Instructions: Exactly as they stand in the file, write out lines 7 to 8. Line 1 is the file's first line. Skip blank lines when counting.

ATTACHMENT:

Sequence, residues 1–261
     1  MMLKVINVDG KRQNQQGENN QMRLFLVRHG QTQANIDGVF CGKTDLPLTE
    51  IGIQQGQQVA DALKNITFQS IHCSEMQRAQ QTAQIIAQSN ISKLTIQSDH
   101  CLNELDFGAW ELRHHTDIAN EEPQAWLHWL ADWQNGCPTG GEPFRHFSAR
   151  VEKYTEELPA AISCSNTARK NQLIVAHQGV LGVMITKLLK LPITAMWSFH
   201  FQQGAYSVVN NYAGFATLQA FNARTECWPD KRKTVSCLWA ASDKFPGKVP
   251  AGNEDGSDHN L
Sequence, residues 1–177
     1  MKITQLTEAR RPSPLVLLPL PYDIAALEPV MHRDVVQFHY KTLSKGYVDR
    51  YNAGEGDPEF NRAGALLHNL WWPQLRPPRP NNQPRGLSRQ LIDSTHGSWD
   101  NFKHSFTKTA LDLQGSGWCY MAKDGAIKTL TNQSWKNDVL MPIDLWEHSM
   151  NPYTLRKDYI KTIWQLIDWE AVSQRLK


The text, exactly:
   251  AGNEDGSDHN L
Sequence, residues 1–177